January 21 marked the 68th anniversary of the passing of Eric Blair, known to the world by his pseudonym, George Orwell.
Orwell was catapulted into the forefront of the English literary scene in the mid-1940s when he published the novella “Animal Farm,” an allegorical retelling of the Stalinist takeover of communist experiment in Russia.
Later, in his full-length novel, “1984,” Orwell would establish his dominance as a masterful voice in postwar English literature, bringing into the English lexicon a new vocabulary for the dystopian novel.
Within six months of the publication of “1984,” Orwell was dead.
Since his death, Orwell has become something of a lionized and untamable figure, always eluding his would-be ideological captors. The Right praises him for his trenchant criticisms of the Soviet Union and Communism, the Left loves him for his avowed and unapologetic socialism. Both, however, praise him for—in their eyes—condemning their enemies.
Orwell remains a classic example of the literary and intellectual iconoclast. Most importantly, the overwhelming literary power of Orwell comes from his exemplary ability to refuse type-casting.
From the outset, the observer of Orwell can’t help but run into his largely nonconformist nature, it thoroughly pervades nearly everything the master touched.
He is a Socialist, largely disowned and knit-picked by his home-country’s Socialist Party. He considered Capitalism “a racket,” yet lamented the shortcomings of his own Democratic Socialism to answer the bigger questions of life.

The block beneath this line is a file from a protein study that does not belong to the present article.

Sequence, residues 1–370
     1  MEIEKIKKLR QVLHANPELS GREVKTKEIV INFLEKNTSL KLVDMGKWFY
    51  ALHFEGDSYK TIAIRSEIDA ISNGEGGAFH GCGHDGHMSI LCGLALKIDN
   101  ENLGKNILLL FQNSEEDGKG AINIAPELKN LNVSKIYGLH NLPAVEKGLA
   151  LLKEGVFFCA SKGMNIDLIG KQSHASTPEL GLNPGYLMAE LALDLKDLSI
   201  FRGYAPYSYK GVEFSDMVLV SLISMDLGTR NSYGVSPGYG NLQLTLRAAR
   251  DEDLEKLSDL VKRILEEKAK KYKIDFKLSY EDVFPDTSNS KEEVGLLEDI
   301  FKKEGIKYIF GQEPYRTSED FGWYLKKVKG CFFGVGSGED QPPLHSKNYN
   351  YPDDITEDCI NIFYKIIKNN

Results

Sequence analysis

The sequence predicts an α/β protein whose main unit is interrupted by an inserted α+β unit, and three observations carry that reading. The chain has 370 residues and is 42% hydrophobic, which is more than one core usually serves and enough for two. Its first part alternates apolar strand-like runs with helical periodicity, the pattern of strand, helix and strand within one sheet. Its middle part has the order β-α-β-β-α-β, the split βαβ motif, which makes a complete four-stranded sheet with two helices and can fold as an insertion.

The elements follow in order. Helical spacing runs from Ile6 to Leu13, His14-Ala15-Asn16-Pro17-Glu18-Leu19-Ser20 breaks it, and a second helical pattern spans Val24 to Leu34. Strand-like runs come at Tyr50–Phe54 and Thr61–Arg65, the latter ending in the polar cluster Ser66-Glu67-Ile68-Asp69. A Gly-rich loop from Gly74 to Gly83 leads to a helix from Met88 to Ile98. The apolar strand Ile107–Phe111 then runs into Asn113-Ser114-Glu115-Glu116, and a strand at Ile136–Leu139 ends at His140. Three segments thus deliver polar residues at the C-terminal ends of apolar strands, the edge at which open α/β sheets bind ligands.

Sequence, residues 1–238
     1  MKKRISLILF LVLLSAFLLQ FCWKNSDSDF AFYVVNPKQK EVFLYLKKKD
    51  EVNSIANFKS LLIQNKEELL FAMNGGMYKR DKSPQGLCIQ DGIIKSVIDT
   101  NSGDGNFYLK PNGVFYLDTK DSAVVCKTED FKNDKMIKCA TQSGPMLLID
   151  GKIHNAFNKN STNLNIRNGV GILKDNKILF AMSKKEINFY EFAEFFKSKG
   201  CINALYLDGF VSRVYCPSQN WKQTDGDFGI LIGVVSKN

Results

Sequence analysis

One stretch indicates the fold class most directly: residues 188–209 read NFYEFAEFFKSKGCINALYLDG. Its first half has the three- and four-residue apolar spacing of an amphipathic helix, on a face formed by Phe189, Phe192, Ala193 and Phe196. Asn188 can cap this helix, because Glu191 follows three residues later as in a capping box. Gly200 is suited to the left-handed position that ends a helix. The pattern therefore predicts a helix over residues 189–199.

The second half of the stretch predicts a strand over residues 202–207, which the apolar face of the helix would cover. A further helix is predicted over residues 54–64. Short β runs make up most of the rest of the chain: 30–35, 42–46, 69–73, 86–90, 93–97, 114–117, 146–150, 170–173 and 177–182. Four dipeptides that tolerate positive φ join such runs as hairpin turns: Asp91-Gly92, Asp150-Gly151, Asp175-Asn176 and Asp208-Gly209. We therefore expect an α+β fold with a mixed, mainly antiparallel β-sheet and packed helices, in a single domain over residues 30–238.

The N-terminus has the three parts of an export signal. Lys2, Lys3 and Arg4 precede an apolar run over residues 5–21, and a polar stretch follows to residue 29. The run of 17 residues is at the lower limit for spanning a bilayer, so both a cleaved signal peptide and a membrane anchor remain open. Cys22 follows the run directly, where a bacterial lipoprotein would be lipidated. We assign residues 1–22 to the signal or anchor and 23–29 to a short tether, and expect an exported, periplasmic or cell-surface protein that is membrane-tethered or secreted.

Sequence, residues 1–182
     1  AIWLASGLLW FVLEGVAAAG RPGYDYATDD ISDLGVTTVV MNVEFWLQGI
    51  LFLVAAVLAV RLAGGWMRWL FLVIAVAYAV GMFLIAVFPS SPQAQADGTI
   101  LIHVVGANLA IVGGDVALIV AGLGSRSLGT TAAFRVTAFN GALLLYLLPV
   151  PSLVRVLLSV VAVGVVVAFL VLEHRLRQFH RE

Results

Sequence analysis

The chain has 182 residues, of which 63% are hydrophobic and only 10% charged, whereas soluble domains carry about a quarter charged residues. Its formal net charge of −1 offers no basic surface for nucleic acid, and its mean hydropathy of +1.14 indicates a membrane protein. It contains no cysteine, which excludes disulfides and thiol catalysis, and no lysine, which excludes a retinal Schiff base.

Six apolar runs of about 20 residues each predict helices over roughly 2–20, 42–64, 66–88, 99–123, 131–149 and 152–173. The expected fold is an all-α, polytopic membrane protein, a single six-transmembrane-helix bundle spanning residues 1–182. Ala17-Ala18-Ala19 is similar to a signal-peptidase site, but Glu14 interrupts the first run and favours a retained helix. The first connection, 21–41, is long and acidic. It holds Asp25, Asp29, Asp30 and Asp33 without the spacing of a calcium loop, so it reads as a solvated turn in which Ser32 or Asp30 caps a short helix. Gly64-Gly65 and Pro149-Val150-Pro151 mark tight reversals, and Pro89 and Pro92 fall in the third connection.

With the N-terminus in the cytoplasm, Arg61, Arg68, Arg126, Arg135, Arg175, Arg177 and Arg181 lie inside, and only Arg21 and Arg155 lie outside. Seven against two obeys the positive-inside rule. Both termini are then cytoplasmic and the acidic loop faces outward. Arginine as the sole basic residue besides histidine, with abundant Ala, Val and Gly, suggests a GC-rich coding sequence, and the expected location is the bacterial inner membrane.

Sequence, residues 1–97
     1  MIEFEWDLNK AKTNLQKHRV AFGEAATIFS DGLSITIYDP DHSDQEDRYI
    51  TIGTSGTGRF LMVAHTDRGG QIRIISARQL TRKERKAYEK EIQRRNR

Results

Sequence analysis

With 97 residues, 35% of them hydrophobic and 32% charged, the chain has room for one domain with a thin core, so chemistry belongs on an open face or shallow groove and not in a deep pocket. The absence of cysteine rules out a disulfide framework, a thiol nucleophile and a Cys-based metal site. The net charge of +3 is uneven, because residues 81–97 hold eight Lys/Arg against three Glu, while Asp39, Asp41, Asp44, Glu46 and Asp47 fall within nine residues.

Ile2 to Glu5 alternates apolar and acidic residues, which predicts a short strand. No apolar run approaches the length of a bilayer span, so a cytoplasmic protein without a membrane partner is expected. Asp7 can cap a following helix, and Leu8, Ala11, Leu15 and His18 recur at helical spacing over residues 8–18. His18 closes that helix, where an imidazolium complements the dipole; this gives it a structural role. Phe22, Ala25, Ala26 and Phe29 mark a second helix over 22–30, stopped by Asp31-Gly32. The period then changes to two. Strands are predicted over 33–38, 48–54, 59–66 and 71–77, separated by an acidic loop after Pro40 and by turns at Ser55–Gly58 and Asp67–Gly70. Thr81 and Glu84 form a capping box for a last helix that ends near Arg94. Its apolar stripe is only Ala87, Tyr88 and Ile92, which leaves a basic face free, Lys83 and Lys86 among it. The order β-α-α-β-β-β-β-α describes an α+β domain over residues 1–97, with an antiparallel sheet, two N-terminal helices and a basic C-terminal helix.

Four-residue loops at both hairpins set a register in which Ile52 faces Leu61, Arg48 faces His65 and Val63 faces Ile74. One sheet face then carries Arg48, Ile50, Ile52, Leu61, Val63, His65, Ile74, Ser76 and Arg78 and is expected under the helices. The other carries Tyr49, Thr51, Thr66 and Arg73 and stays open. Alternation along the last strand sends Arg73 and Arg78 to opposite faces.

Orwell was a committed atheist who did not wince at the anti-clericalism of the Spanish anarchists he fought alongside in the Spanish Civil War. He was, however, a lifelong member of the Church of England, where he even attended church, took communion and was administered last rites.
In relation to his fiction, “1984,” has been cited by both leftist groups claiming that Trump is the new Big Brother, to comedians like Robert Cleese claiming that the redefining of the English language by Social Justice Warriors is the nonfictional expression of Newspeak.
Amidst all the quotations and popularity it seems like an odd assertion that Orwell, in the current climate, needs to be saved from his would-be supporters.
Orwell was not a fan of setting up a new idol to be followed, but of tearing them down. In most cases, it is safe to say that Orwell is not an ally but an enemy. He is a match in search of kindling.
In an age of such political tribalism, there is much we could learn from George Orwell and his approach. Two major and interrelated characteristics of Orwell can be applied to our modern political morass.
First, Orwell sought after the truth, always looking to parse out the facts of a situation and to analyze it based on what has come to light through those facts.
Second, Orwell had the exceptional idiosyncrasy of intellectual honesty. He was blunt about the shortcomings of his own philosophy as well as the flaws that he saw in his opponent’s positions.
It would be unrealistic to believe that following these two methods will lead to utopia. However, embracing these two approaches might put us back on a path to mending the divide that our nation is currently going through, and away from “Animal Farm” or “1984.”